3 essential steps to prepare your business for sale

Originally Published In The Nashville Business Journal

Selling a business can be a lengthy and complicated process, and proper preparation is essential to ensure that potential buyers see your business as an attractive investment opportunity. Unfortunately, many business owners wait until they are ready to sell before starting the planning process, leading to a decrease in the value of the business. However, starting the preparation process early can help you maximize the value of your business when it comes time to sell.

Here are three essential steps to prepare your business for sale, whether you plan to sell now or in the future.

Step 1: Tidy up your financials.

Over the past 20 years as an attorney, I have encountered many profitable and respectable companies whose financials were, quite frankly, a mess. For business owners, it is easy to neglect this administrative task while focusing on high-growth activities, ultimately leading to a disorganized financial situation. Buyers will penalize you for any administrative items in disarray, leading to a decrease in the value of your business.

To ensure that you have an accurate picture of your financial situation, work with a Certified Public Accountant to declutter and organize your financial records. Remove any personal expenses that may be attached to your business (these might include things like dry cleaning, meals, travel and entertainment) and review your contracts frequently. Be sure to note any special clauses that could impact a sale, such as a change of control provision.

Hidden details can hurt the value of your business, and when it comes to selling, proving what’s going in and out of your accounts will go a long way.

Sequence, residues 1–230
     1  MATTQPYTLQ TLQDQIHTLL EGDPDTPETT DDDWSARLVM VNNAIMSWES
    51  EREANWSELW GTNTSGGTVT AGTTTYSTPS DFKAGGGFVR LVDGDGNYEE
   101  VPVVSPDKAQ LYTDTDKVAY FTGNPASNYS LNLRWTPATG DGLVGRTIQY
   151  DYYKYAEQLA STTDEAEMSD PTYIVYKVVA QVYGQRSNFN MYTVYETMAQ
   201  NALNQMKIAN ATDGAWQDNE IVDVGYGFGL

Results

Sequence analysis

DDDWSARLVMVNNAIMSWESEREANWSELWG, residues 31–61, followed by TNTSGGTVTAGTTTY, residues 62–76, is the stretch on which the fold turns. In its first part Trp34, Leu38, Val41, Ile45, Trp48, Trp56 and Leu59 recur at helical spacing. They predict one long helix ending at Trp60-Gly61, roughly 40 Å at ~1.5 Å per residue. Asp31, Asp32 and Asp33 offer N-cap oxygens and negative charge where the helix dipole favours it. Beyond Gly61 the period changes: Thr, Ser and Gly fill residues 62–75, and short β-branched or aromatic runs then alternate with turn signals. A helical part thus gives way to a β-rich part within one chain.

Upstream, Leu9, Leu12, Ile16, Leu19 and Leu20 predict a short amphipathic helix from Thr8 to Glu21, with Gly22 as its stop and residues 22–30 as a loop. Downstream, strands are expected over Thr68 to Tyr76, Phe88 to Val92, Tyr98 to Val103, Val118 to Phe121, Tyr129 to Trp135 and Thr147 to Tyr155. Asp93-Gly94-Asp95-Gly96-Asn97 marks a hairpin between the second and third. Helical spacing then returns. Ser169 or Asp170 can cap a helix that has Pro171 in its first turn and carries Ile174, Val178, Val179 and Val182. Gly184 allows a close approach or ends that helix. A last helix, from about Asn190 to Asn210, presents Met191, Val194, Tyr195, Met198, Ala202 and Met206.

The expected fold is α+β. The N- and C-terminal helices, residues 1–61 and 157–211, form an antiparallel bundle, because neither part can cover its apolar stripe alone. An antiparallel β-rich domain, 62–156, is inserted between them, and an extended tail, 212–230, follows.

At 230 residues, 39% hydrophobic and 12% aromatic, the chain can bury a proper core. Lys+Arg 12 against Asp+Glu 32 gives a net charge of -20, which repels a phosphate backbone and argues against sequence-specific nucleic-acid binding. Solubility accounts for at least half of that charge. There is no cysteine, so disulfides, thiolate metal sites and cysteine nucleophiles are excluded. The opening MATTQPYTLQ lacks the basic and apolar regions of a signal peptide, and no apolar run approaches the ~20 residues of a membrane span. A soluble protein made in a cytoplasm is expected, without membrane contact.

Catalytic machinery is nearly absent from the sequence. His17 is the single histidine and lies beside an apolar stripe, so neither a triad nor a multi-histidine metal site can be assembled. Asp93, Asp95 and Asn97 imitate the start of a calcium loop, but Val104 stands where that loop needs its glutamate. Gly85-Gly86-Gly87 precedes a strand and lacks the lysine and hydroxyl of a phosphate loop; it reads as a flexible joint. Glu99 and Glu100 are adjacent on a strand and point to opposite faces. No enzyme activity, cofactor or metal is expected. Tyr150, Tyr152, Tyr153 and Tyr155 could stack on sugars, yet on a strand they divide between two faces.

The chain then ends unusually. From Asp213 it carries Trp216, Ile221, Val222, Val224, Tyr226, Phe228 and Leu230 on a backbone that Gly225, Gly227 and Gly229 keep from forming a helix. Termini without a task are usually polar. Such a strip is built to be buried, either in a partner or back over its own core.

Step 2: Lock in your key resources.

Key resources, such as employees, clients, contracts and processes, are crucial assets that make your business model work. When it comes to employees, it is essential to take a moment to honestly assess how your business would run without them and get the most vital employees under contract long before you think about selling. The reason to do this now is to stay ahead of potential conflicts of interest during a sale that can be caused by key managers. You should also ensure that you have incentives such as stock options and bonuses in writing to avoid any eleventh-hour power plays at a time when you will be emotionally invested in a sale.

To ensure that your key resources are locked in for your future sale, consider asking yourself the following questions:

• Do you need to have employees sign Non-Competition and Non-Disclosure Agreements?

• If so, are these agreements tailored to fit your specific needs?

• Are your contracts assignable?

• Do you need to have any particular key employees sign long-term employment agreements?

If you need clarification on these key resources, consider working with a legal professional to make things trackable and ensure that your contracts are properly drafted and reviewed.

Step 3: Make yourself replaceable.

It’s important to remember that if your expertise and systems live solely in your mind, it will take a significant amount of work to sell your business. Take the time to go through, automate and systematize your business where you can while you can. Make yourself easily replaceable so that the business is not dependent on you.

Final thoughts

No matter where you are in your business venture, keeping your finances clean, locking in your key resources and setting up processes to make yourself replaceable for a future sale are pivotal. I recommend working with an accountant and a qualified law firm who can provide legal guidance and assistance at every step of a business transaction, including drafting and reviewing contracts and ensuring that every detail is addressed before closing.

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